In high school, I embodied a lack of school spirit. I went to two football games my entire high school career and left halfway through both of them. It wasn’t that I thought I was too cool to support my peers. It wasn’t that I hated my school with a burning passion (well, not really). My lackluster feelings of school spirit can probably be traced back to the fact that I don’t understand or really like sports (and there were few things to support other than sports) and that my school as a whole wasn’t exactly teeming with spirit. Keep reading »
In high school, I had a single group of really close friends. Yes, I had other friends outside of that core group, but those five girls were unequivocally my best friends – the ones with whom I shared monumental milestones, the ones I could talk about everything or nothing with for hours on end. When I left for college, I couldn’t fathom ever replacing them. I wondered if I would ever find a group of friends that close again.
But here’s the thing: I haven’t made another group of really close friends. And the fact that I haven’t has actually been a blessing. Keep reading »
I suspect that it is a universal (and perverse) hobby of college upperclassmen and graduates alike to terrify rising freshman with cautionary roommate stories of horror. This past summer, it seemed like all I had to do was mention the fact that I was about to start college and aforementioned upperclassmen/graduates would inquire about my roommate situation. Did I request a roommate? Did I know who she was? Until a couple of weeks before I left for school, the answers were always “no” and “I did not.” Apparently, these honest answers were basically invitations to terrify me with stories of the ill-adjusted and insane human beings assigned to live with whomever I might have been talking to. So, believe me, I was prepared for the worst.
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There’s one thing that really, really sucks about college. Yes, there’s no way around it: college costs an insanely large amount of money for which I personally think it’s borderline inhumane to even charge. It’s my silly little opinion that education should be a basic human right and therefore should be free. Unfortunately, almost every major academic institution in this country disagrees with me.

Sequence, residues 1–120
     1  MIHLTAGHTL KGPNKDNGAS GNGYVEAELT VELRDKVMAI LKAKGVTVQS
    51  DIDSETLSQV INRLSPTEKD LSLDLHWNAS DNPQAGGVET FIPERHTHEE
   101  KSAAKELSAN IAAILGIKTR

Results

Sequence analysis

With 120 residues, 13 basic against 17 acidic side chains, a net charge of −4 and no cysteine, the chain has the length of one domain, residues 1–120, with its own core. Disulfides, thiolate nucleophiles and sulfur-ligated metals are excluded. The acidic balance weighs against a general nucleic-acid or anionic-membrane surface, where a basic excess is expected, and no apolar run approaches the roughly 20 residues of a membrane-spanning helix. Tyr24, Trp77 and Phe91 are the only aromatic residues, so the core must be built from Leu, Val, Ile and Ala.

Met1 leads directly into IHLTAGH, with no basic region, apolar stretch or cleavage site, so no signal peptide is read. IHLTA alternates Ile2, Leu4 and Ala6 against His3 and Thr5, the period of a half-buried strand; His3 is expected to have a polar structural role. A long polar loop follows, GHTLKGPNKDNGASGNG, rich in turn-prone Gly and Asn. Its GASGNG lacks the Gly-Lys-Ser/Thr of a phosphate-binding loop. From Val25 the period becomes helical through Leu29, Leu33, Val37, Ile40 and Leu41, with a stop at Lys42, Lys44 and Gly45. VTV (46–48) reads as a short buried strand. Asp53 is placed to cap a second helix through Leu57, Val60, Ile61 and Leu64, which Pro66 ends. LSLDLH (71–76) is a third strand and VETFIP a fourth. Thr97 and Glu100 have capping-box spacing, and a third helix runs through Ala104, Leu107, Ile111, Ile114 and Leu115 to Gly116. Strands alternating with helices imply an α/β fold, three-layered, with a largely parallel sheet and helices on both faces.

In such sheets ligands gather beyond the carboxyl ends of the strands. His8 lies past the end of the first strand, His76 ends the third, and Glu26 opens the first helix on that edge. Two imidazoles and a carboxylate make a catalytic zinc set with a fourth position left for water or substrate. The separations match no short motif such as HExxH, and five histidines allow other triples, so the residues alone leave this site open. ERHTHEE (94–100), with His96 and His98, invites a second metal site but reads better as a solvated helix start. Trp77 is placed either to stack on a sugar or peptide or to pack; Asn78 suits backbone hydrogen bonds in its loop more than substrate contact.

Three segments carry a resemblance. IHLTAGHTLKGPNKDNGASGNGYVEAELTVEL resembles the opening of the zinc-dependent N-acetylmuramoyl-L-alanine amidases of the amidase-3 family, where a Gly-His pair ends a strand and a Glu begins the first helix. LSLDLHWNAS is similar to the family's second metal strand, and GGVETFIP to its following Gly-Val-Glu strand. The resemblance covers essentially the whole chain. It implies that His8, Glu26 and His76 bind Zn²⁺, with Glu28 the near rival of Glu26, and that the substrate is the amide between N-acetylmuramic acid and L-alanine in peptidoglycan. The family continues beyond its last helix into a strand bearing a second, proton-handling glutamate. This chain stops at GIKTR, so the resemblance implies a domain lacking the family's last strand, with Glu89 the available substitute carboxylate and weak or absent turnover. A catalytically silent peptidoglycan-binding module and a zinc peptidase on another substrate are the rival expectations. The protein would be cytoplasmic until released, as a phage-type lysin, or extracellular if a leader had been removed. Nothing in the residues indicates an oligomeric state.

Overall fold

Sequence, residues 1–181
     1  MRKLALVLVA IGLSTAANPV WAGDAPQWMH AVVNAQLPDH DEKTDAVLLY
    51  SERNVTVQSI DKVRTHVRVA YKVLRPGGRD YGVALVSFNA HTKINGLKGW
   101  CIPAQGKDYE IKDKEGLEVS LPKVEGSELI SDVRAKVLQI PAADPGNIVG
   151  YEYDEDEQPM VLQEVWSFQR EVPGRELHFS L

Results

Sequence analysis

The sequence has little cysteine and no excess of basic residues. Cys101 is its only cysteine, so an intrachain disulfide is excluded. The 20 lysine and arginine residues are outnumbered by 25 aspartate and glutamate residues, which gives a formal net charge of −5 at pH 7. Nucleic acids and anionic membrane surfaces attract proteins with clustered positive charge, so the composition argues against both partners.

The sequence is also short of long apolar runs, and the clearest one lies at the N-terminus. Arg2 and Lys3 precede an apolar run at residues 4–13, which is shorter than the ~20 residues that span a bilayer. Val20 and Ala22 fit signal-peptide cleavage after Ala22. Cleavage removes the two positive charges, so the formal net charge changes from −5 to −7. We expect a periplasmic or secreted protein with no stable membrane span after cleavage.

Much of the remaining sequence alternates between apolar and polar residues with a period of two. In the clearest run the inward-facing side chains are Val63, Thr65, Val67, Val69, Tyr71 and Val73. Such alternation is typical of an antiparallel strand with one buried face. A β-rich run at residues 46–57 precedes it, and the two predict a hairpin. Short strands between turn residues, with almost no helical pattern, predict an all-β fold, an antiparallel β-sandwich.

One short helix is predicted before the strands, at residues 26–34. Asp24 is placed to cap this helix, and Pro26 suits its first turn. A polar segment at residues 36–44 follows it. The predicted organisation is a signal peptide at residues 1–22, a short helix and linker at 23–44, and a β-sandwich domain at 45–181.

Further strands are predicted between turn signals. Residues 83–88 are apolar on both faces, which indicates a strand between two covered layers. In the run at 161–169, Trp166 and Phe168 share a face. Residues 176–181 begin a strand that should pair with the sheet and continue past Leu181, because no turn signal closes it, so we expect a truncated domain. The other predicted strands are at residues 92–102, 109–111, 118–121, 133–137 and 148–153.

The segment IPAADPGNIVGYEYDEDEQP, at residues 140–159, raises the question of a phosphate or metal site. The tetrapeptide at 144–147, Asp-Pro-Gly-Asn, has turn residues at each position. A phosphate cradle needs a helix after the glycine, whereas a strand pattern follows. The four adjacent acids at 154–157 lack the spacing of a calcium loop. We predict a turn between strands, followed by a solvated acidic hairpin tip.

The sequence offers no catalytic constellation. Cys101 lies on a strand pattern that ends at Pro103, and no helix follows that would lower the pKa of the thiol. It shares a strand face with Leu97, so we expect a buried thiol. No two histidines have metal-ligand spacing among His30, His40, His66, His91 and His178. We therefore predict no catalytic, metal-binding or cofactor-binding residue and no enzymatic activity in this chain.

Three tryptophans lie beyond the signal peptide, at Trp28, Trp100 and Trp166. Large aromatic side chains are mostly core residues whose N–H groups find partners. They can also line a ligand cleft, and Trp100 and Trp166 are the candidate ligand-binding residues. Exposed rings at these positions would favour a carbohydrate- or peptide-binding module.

But even beyond the tuition itself, as soon as I arrived here I felt the very distinct pain, depression and slight panic that comes with the knowledge that your bank account is significantly dwindling. First, there was the cost of books that neared $500 (for my first semester alone) and this even accounted for scouring the internet for the best deals on used editions. Then there was the whole “going out” thing. Somebody would suggest going to a nearby sushi restaurant, or maybe catching a concert or show. Torn between being social and being frugal is not a fun place to be, especially when trying to make new friends. Keep reading »
The bottom line of college orientation is that it’s a paradox: feeling simultaneously deeply comforted and entirely thrown off your axis, spinning rapidly towards the unknown. Or at least, that’s what orientation was like for me.
This paradox manifested itself at the very beginning of the journey from Ohio to New York. After posting my obligatory, “Leaving for college. Thanks for the memories everybody!” Facebook status, I packed all of my earthly belongings into the family car. That’s when I realized that all of my earthly belongings fit into the family car. While the reality of this totally satisfied the fatalist in me (look how easy it would be for me to escape with so little materialistic baggage to weigh me down once the zombie apocalypse hits — yippee!) it also left me reeling. It only underscored the fact that the home I was leaving, the home I had grown up in and considered my own, really wasn’t mine any more. Everything that grounded me to my house was stuffed into the car, ready to be shipped off to what is essentially a linoleum-floored, whitewashed box. Statements I had made with confidence ever since I clicked submit on my electronic application quickly turned to questions: This is what I want? I’m excited? I’m ready to be on my own? Keep reading »
I wouldn’t say that I was a nerd in high school. Although I have adopted the art of procrastination as ardently and with as much love as if it were a tiny puppy alone on the side of the road in a rainstorm, I did in fact manage to get some studying in. But despite grades and test scores that were high enough to award me admittance to one of the best schools in the country, I’d never call myself geeky. “Loner” probably isn’t the right word, either. I wasn’t exactly in the running for prom queen (real talk: I didn’t even go to prom my junior year, gasp) but I had a particularly close group of best friends who were like my sisters. I never felt alone, but rather constantly surrounded by people who loved me. No, the only thing I can definitively say to describe who I was in high school is that I was there. Keep reading »